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    Two of the tenured faculty members concentrate on teaching and service, and the others are active in both teaching and research. The normal teaching load for faculty with a research program is three courses per year (usually two in one semester and one in the other), but two faculty are teaching four courses per year and some occasionally assume overloads in teaching. Most faculty members teach at both the undergraduate and graduate level each year. There are five to six 1-credit seminar courses, each semester, which are not counted in teaching loads. These seminars are specifically in the research areas of the faculty who lead them. These seminars provide a natural way for graduate students to identify thesis and dissertation research topics in their area of interest. Classes required for the computer science degree programs are taught only by faculty with a Ph. D. degree, and are normally held to an enrollment of forty or less, in accordance with accreditation guidelines. Departmental faculty members continue to attract significant external funding for research. In 1998-99 funding for new research projects totaled approximately $250,000. In 1999-00 this increased to $644,347. In 2000-01 this increased to $2,971,060, of which $1,940,000 is a five- grant acquired by Dr. Brian Slator and his research team for work in synthetic environments for teaching. In 2002-03 new project funding totals $703,668. Active multi-year projects in 2002- 03 that were carried over from previous years totaled $4,023,789. This marks the third year in a row that departmental grant funds in force exceeds $4,000,000. Major sources of funding include the National Science Foundation, Air Force Office of Scientific Research, Office of Naval Research, U. S. Department of Education, and Microsoft Business Solutions. Each research faculty member is expected to regularly apply for external funding. Faculty members regularly publish in refereed journals and other media. The department continues to benefit from the university being a charter member of Internet2 and from connectivity to the National Science Foundation vBNS network. All faculty members have access to the campus ethernet backbone in their offices. Departmental major areas of research activity include distributed database management systems, educational technology and synthetic environments, image processing, pattern recognition, subsymbolic artificial intelligence, software engineering, quality assurance in networks, and military applications of operations research. There are approximately one- hundred M.S. students, and twenty Ph.D. students. Each research-oriented faculty member has laboratory space in addition to an office. During the summer of 2003, a remodeling and reconfiguring of departmental space is being carried out to handle expanded needs for faculty offices and laboratory space.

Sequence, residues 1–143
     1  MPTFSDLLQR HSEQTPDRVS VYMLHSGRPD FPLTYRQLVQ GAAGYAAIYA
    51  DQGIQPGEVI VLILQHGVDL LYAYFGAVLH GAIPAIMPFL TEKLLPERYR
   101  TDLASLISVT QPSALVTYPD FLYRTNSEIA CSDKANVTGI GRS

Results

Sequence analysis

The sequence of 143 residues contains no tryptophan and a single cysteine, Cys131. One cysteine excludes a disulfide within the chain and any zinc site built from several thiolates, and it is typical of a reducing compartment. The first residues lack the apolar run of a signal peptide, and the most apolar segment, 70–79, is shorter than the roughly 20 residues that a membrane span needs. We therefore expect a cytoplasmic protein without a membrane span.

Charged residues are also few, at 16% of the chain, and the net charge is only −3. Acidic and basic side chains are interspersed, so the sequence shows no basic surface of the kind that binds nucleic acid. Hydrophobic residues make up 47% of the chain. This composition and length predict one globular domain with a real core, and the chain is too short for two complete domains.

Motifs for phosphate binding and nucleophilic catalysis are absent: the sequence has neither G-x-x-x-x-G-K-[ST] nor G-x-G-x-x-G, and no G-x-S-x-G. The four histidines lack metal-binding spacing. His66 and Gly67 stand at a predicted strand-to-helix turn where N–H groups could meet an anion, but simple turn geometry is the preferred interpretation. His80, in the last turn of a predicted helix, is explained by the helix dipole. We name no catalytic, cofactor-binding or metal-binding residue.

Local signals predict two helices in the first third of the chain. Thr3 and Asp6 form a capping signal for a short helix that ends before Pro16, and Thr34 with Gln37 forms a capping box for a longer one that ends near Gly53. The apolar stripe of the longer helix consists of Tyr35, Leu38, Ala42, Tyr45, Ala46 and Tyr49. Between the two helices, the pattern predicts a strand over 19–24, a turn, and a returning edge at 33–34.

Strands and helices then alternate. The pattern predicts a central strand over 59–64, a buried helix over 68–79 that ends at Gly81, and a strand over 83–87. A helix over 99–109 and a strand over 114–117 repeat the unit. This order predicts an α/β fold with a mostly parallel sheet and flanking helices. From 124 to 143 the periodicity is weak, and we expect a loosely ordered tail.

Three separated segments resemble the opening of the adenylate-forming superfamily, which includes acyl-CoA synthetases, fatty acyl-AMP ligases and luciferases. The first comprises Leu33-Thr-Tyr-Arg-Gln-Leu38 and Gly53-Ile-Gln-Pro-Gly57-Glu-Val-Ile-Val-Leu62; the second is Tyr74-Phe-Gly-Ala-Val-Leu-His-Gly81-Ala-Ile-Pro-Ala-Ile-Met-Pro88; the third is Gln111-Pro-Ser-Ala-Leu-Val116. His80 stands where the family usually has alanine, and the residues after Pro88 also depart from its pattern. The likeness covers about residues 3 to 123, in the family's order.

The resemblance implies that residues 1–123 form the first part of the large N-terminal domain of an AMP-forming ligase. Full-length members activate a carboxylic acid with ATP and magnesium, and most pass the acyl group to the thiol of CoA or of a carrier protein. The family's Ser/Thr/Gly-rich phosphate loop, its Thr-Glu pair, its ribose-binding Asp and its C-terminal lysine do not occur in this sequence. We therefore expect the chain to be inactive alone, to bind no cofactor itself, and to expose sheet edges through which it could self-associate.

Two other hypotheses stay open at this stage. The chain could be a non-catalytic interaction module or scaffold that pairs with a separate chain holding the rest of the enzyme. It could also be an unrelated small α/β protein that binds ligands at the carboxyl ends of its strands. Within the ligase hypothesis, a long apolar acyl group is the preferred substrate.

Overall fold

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    Faculty, Lecturer’s and Special Appointments Profiles